Can I use different class names, method names, or method signatures from those prescribed in the API? No, as usual, you will receive a serious deduction for violating the API.
Is 0 a tile? No, 0 represents the absence of a tile. Do not treat it as a tile when computing either the Hamming or Manhattan priority functions.
Can I assume that the puzzle inputs (arguments to the Board constructor and input to Solver) are valid? Yes, though it never hurts to include some basic error checking.
Do I have to implement my own stack, queue, and priority queue? No, use the versions in algs4.jar.
How do I return an Iterable<Board>? Add the items you want to a Stack<Board> or Queue<Board> and return that. Of course, your client code should not depend on whether the iterable returned is a stack or queue (because it could be some any iterable).
How do I implement equals()? Java has some arcane rules for implementing equals(), discussed on p. 103 of Algorithms, 4th edition. Note that the argument to equals() is required to be Object. For online examples, see Date.java or Transaction.java.
Must I implement the toString() method for Board exactly as specified? Yes. Be sure to include the board dimension and use 0 for the blank square. Use String.format() to format strings—it works like StdOut.printf(), but returns the string instead of printing it to standard output. For reference, our implementation is below.
public String toString() { StringBuilder s = new StringBuilder(); s.append(N + "\n"); for (int i = 0; i < N; i++) { for (int j = 0; j < N; j++) { s.append(String.format("%2d ", tileAt(i, j))); } s.append("\n"); } return s.toString(); }
Should the hamming() and manhattan() methods in Board return the Hamming and Manhattan priority functions? No, you should return the sum of the Hamming and Manhattan distances from the tiles to their goal positions. Also, recall that the blank square is not considered a tile. You will compute the priority function in Solver by calling hamming() or manhattan() and adding to it the number of moves.
How do I reconstruct the solution once I've dequeued the goal search node? Since each search node records the previous search node to get there, you can chase the pointers all the way back to the initial search node (and consider them in reverse order).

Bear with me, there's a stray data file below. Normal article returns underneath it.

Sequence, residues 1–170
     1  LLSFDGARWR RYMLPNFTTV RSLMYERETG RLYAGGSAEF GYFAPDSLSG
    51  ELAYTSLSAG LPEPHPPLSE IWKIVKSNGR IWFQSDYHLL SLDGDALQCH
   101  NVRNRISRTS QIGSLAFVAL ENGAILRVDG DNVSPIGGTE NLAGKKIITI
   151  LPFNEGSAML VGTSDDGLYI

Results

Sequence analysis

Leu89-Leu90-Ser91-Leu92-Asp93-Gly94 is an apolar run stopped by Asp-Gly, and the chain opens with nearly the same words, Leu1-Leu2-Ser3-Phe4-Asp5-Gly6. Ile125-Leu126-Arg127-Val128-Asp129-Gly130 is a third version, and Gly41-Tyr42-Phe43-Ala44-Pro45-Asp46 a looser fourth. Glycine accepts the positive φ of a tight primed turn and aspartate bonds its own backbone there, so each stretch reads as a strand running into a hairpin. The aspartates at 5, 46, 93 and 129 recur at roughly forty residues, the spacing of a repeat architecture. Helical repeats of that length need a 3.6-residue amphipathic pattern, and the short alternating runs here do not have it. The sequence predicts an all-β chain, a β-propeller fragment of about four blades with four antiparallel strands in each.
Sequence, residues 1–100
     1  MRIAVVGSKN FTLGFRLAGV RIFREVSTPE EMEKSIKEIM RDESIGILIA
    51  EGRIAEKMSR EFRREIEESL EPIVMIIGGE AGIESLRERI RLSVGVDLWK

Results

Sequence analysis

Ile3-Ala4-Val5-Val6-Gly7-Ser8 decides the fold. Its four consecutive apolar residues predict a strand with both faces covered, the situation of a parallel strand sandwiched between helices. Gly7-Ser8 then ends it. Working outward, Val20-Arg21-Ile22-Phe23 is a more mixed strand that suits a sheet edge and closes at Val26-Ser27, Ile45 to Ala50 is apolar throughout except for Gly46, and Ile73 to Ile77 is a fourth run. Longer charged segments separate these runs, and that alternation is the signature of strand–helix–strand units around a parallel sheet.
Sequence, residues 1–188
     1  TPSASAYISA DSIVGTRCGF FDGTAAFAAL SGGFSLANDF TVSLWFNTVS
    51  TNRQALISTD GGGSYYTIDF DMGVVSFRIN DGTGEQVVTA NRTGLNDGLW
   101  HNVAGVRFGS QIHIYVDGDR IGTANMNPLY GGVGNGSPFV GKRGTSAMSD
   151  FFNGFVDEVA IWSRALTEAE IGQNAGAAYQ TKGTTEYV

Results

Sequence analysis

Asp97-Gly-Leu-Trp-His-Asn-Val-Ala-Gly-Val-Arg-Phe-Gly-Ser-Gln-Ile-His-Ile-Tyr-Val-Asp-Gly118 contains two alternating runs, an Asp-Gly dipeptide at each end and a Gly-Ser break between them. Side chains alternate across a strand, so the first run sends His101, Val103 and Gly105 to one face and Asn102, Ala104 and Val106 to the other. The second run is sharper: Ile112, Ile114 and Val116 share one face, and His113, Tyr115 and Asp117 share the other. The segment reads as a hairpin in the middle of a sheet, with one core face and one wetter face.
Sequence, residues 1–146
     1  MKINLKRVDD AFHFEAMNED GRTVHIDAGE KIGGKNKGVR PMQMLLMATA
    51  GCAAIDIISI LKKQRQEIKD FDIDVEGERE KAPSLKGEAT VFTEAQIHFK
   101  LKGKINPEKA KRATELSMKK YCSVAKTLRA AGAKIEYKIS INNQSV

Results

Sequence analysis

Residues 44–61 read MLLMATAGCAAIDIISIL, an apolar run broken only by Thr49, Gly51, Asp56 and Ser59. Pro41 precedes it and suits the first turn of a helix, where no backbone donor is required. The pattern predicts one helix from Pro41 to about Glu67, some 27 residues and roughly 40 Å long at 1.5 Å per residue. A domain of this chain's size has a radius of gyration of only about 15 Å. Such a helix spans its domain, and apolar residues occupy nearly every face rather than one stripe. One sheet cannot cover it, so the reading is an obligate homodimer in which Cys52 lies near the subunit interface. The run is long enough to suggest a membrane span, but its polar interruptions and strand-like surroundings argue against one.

Can I terminate the search as soon as a goal search node is enqueued (instead of dequeued)? No, even though it does lead to a correct solution for the slider puzzle problem using the Hamming and Manhattan priority functions, it's not technically the A* algorithm (and will not find the correct solution for other problems and other priority functions).
I noticed that the priorities of the search nodes dequeued from the priority queue never decrease. Is this a property of the A* algorithm? Yes. In the language of the A* algorithm, the Hamming and Manhattan distances (before adding in the number of moves so far) are known as heuristics. If a heuristic is both admissible (never overestimates the number of moves to the goal search node) and consistent (satisfies a certain triangle inequality), then this property is guaranteed. The Hamming and Manhattan heuristics are both admissible and consistent. You may use this property as a debugging clue: if it is ever violated, then you know you did something wrong.
Even with the critical optimization, the priority queue may contain two or more search nodes corresponding to the same board. Should I try to eliminate these? In principle, you could do so with a set data type such as SET in algs4.jar or java.util.TreeSet (provided that the Board data type were Comparable). However, almost all of the benefit from avoiding duplicate boards is already extracted from the critical optimization and the cost to identify other duplicate boards exceeds the benefit from doing so.